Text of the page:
We are all familliar with the in-game ship's command menus. Navigation, Combat, Trade, Special... and you can also add in Turrets. Egosoft has made X² extremely extensible, and that includes these menus. Many of us by now have downloaded and installed scripts that add in more functionality, such as BurnIt!'s new Trade Command Extension Mk. 3 with it's "Start Sector Trader" command. I am going to go step-by-step on how to take your script and integrate it in the game - show you how to make your own new commands.
This is not a tutorial on scripting in general. I would caution you that with scripts, you can do almost anything - and scripting is quite complex. If the meaning of a scripting command isn't clear to you, then I advise extreme caution in playing with it. Definitely don't do it and then overwrite a save. I suggest everyone start a new game and get a save close to the beginning that you use for your script writing.
I am going to use as an example in this tutorial, a script I wrote that attaches into the trade menu. This script attempts to maintain the amount of product in a factory at a set level. This is useful if you have a factory that can only hold a very small amount of product, and you don't want to have to transfer the product manually to a transport all the time. A full explanation for the script and reasoning behind it is in my post on the subject.
- A copy of this tutorial's companion scripts.
- An XML editor is useful, but not a must. I prefer simple ones, such as Peter's XML Editor. There are lots of others though, many of them free.
There are three basic steps to attaching a script to the command menus. First of all, you obviously need the script you are going to attach in. Secondly, you need an XML language file that contains the added text for the game. Lastly, you need another script - one that is run automatically each time X² starts up and actually does the attaching of the script to the menu system.
The source script. As this isn't a tutorial on scripting in general, we're not going to cover this step in much depth at all. I will say, though, that one of the best ways to learn scripting is to go over those that have already been done. I would suggest downloading X2Modder by OlisJ and using this to decompress X²'s built-in scripts. Egosoft was nice enough to provice a fairly nice XSL stylesheet for X² scripts, so you can simply double-click on them once they have been decompressed to view them.
Here we start getting to the heart of the issue. Most of the game-text for anything from wares to ship descriptions to menu commands are stored in external XML language files. These files reside in one of two places: they can either be in the X2\t directory, or they can be inside container files (very similar to .zip files). Most of the text already in the game is in XML language files that are inside the *.CAT/*.DAT file pairs in the X² main folder. Any file that is inside one of these containers is treated just as if it were in the normal subdirectories under where you installed X². You can use X2Modder to decompress these containers and look to see what they hold. If you are using the 1.2 patch of X², then the 03.CAT/03.DAT file pair is the container that holds the language files with most of the existing in-game text. These files are 440001.XML and 440002.XML. If you have downloaded and installed BurnIt's Trade Command Extension Mk. 3, then in the X2\t directory you will find 440003.XML. This file contains the added text needed for that new script.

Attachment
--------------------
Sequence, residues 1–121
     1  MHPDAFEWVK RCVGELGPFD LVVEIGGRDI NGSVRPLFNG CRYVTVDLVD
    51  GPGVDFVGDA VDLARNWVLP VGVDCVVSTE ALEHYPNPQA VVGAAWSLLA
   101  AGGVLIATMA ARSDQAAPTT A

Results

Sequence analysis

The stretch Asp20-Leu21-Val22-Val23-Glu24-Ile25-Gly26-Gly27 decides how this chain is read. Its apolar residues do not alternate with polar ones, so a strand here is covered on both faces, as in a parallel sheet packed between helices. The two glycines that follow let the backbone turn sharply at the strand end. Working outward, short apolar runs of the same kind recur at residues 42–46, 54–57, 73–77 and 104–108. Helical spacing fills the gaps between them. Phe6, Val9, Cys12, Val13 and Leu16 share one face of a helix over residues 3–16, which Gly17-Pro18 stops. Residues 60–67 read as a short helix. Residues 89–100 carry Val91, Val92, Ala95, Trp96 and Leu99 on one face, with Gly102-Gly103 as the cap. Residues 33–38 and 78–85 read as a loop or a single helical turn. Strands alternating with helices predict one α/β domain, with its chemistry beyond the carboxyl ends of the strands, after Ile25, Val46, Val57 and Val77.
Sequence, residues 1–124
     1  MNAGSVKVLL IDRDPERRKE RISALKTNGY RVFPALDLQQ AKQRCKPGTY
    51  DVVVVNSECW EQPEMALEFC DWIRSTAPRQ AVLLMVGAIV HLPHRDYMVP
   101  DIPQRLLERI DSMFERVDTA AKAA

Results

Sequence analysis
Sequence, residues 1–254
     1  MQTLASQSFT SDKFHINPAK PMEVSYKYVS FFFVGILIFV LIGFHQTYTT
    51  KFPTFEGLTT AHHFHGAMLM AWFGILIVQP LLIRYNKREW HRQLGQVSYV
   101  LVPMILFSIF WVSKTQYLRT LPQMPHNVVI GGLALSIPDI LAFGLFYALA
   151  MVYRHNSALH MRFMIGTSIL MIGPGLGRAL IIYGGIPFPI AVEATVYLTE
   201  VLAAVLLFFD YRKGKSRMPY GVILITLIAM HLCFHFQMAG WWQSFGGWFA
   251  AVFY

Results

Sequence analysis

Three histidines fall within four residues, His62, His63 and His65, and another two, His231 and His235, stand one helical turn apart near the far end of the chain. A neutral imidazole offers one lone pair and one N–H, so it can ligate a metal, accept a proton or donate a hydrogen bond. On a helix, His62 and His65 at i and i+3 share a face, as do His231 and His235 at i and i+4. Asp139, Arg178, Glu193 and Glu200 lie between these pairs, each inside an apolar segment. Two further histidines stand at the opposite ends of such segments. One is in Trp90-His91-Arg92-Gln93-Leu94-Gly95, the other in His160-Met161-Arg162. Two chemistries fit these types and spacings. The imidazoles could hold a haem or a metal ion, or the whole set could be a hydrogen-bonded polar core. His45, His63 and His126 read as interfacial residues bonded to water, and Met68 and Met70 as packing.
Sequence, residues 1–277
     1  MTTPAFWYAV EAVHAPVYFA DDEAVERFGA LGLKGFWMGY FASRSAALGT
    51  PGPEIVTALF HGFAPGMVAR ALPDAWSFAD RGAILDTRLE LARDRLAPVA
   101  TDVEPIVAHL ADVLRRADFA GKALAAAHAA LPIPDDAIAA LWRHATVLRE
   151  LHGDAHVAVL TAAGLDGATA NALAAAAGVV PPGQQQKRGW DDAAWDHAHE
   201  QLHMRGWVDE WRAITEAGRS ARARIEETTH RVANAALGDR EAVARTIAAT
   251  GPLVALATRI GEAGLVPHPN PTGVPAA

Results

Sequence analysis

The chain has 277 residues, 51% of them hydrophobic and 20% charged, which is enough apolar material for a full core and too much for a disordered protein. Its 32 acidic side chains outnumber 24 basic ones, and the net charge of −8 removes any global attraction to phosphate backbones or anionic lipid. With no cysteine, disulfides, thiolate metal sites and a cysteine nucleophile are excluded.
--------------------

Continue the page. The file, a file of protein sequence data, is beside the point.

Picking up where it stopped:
You will have noticed by now that there is a pattern to the way these files are named. The first two digits is actually the language code; 44 is English . You will notice that BurnIt!'s extension came with a '49' file too - which is German. If you want your added scripts to work in multiple languages, then you will need to provide XML language files for each language. This might not be a bad idea, even if the text in them is still in English.
After the language code, the rest of the filename contains a number that is used simply to identify an individual language file to any script that wants to use it. You will use this number to "load" the text from an XML language file into the game from within a script.
Put the language code and the ID number together, and you get the whole filename "440003.XML".
Many people are writing scripts with installers that actually modify the 440003.XML file in order to store text in it. This is the wrong way to do it. I suspect they are doing it this way because they don't know the correct way to add their own new files to X². The whole purpose of being able to have multiple addon language files is so that you don't need to fool with existing (ie: someone else's) language files if you want to add something later on. You simple add another file in.
You will need to pick an ID number for your file. It is important that this ID number not conflict with ID numbers used in any other script or mod. There is an effort underway right now to make a central authority for assigning these numbers, but this is not yet in place. For the time being, I highly recommend you follow these guidelines:
- Don't use fairly low numbers. 440001.XML through 440003.XML have already been used by Egosoft. It's a sure bet that official Egosoft addon scripts in the future will use more.